The VPSA cycle can therefore be represented as follows:
More precisely, the 3rd pumping phase may comprise one or two additional downtimes at the start and/or end of the step and may therefore be represented as follows:
The initial downtime (TM1) essentially serves for reduced operation, that is for adjusting the duration of the 3rd phase. The second downtime serves to adjust the pumping time to the desired low pressure. As for most of the PSA type units, it is conventional to adjust the phase time to the treated flow rate. For example, if 50% of the nominal flow rate is treated, the absorption time is 2 minutes instead of 1 minute. The actual pumping time will remain approximately constant, for instance, 55 seconds plus or minus 5 seconds. In this case, to carry out operation reduced to 50%, a first downtime TM1 of 55 seconds is adopted for example, and the second downtime TM2, which, as described, serves to adjust the cycle low pressure, will vary between 5 and 15 seconds.
To limit the energy consumption during the downtimes, it is customary to “repressurize” the vacuum pump so that the blowers (rotary piston positive displacement pumps) just cause the gas to circulate without compression work. The energy then only serves to overcome the friction and pressure drops. This repressurization must take place very rapidly to allow an appreciable gain considering the short duration of the downtimes. It is not recommended to repressurize with air as can be done on VSA O2 for safety considerations (presence of combustible gas) and the vacuum pump or the adsorber, in case of a defect in a valve (air entry while the valve of the adsorber under vacuum is not fully shut). It is therefore also advantageous for this reason to be able to eject a gas containing no oxygen very rapidly to the suction of the vacuum pump. Furthermore, the suction of the pump must not be placed under overpressure in comparison with its discharge, since the pump can then run in overspeed and risk being very seriously damaged.
In the case of the VSA CO2 previously described, the preferable solution consists in installing a gas holder 30 at the vacuum pump discharge as shown in
The regulation of the gas holder is such that the security volume 30 a is preserved permanently to be available in case of need. This regulation may, for example, be reflected by the existence of a low level L1 and a very low level L2. In normal operation, the gas holder regulates between a high level H1 and the low level L1. The volume of gas between L1 and L2 is preserved permanently in the gas holder for security. The repressurization circuits mentioned above are preferably dimensioned to repressurize the VSA rapidly as required and the vacuum pump at each cycle. This repressurization preferably takes place in a few seconds, even in less than one second, at the suction of the vacuum pump. The advantage of using a gas holder as a storage means is that the equipment can never be repressurized above about atmospheric pressure. Hence there is no risk, for example, of placing the suction of the vacuum pump under overpressure. The installation of a gas holder is the privileged solution, but it may sometimes be difficult to implement (large volume, extreme climatic conditions, etc.). It is possible to store the volume of gas required for the repressurizations (security and/or to save the energy required for the vacuum pump) in a pressurized storage unit. The design of this storage unit and/or the regulation of the repressurization must then be examined carefully to avoid potential problems of over-repressurization (running the vacuum pump in overspeed for example). Hybrid solutions are obviously feasible. In most cases, a gas issuing from the PSA can be used to repressurize the unit rapidly without the risk of forming combustible or even explosive mixtures. An external gas, such as nitrogen, can nevertheless be used. This may be inerting nitrogen at a few bar pressure or, if necessary, nitrogen offgas from a neighboring air gas separation unit.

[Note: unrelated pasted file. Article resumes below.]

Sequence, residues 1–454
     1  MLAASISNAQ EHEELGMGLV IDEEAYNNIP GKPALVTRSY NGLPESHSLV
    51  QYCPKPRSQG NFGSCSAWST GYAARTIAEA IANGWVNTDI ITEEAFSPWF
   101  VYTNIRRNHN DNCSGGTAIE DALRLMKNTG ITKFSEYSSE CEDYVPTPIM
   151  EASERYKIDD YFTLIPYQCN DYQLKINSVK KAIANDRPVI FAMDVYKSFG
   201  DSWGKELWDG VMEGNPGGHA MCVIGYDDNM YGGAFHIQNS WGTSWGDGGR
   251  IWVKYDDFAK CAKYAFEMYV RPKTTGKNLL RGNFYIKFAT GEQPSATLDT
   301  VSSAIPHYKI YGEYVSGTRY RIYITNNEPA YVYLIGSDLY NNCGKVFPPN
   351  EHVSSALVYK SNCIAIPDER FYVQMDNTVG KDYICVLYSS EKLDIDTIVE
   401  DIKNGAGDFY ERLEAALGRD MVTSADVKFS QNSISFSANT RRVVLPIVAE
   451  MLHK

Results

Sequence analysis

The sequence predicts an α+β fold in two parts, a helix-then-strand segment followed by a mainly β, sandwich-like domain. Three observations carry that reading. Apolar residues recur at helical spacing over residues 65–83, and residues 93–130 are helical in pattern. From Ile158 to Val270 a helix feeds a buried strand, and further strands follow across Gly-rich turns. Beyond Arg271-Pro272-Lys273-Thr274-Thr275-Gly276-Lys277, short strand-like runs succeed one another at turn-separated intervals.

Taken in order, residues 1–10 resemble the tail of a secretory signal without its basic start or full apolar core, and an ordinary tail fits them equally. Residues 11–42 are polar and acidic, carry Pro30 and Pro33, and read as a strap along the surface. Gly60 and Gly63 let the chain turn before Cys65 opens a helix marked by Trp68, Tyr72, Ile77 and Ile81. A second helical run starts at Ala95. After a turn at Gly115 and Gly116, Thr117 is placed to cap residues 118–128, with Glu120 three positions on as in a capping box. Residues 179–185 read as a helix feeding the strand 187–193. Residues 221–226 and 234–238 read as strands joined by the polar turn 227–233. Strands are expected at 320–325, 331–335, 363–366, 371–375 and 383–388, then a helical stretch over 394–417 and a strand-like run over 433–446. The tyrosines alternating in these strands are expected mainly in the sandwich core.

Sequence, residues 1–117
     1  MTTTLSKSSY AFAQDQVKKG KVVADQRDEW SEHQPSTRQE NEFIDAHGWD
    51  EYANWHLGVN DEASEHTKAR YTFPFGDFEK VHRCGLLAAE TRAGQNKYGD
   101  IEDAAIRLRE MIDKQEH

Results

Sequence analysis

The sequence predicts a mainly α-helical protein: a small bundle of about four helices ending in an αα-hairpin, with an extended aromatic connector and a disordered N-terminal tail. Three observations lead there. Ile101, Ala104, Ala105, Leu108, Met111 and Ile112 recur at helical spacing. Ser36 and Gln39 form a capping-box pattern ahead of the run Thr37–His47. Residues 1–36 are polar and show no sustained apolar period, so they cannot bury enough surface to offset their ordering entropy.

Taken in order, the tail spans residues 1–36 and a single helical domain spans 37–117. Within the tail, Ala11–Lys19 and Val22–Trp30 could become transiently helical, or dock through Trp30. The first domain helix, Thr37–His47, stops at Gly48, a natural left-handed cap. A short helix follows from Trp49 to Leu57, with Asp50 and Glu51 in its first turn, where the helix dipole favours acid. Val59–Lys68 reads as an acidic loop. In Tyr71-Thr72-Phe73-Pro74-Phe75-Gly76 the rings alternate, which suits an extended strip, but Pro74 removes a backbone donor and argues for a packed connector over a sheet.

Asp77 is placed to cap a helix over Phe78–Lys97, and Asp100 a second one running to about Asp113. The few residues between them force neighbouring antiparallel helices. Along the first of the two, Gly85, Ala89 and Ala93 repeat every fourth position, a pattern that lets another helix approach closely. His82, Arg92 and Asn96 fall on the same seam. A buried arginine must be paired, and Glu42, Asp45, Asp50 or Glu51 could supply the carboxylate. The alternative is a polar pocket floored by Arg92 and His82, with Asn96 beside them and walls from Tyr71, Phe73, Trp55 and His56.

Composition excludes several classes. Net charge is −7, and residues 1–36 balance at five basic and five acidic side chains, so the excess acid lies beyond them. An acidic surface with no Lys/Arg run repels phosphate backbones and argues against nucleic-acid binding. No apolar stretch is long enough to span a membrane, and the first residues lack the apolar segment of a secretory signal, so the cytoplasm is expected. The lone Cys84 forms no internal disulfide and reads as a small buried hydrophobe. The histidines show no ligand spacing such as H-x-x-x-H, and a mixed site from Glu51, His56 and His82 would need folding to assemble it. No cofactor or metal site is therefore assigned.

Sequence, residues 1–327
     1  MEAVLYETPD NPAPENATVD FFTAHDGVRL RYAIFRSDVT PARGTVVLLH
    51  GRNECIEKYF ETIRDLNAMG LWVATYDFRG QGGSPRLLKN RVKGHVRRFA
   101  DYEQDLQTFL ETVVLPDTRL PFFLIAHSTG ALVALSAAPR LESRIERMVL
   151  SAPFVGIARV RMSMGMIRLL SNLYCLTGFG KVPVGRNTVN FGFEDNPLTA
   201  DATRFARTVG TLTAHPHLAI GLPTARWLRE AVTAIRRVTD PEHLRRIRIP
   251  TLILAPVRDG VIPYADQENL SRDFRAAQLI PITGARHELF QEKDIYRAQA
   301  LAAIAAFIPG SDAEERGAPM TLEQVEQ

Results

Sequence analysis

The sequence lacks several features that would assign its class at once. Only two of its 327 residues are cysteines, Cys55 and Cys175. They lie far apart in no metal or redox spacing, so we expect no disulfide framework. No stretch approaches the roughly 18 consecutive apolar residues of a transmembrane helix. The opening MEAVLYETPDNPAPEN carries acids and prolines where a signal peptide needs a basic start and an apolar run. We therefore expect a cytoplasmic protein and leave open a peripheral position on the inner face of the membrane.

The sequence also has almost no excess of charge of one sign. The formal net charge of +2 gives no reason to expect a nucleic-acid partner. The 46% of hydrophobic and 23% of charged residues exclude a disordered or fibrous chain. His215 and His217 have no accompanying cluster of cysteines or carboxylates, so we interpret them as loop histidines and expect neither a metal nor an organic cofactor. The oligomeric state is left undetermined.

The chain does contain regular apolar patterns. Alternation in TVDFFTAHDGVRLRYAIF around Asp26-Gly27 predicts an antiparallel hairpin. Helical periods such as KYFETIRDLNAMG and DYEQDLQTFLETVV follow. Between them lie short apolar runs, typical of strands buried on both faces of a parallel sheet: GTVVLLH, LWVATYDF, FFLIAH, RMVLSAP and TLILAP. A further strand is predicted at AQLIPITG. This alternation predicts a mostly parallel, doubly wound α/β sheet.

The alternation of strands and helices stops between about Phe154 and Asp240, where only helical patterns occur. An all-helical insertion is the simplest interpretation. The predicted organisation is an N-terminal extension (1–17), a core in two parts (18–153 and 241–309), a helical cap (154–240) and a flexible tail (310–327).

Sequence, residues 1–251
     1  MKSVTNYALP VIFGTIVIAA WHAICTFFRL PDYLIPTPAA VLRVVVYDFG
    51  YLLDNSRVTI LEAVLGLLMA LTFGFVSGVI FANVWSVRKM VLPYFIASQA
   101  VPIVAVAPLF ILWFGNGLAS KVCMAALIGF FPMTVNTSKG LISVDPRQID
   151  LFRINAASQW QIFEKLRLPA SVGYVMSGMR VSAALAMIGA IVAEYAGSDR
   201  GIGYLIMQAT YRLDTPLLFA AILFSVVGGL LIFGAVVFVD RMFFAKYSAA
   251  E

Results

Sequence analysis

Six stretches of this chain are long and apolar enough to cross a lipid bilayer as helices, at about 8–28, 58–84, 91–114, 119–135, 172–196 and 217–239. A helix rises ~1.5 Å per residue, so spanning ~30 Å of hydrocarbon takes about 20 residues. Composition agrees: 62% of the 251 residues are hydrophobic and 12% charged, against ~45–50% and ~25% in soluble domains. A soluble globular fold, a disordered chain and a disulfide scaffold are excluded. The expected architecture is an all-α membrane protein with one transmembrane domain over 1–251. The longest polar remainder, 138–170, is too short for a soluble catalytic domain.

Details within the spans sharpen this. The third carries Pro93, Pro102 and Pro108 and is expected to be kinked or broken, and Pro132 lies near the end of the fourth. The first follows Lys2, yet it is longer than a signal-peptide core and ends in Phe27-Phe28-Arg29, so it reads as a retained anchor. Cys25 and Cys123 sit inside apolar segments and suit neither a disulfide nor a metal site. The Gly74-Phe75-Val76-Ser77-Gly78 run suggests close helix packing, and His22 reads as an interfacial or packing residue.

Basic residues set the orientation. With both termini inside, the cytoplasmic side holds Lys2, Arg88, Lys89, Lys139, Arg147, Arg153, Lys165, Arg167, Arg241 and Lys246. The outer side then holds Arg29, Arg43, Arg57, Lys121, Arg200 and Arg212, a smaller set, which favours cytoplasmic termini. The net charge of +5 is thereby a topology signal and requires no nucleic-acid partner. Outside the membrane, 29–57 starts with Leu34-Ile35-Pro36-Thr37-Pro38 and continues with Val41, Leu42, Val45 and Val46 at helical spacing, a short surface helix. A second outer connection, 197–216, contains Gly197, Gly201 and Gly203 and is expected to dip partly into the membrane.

The repressurization of the VSA using security gas can be triggered manually, for example using an emergency push-button, or automatically. It may be systematic upon each tripping of the unit or, on the contrary, may be triggered by specific sensors which indicate a risk of air entry (monitoring of variations in pressure, continuous offgas analysis with oxygen detection, etc.).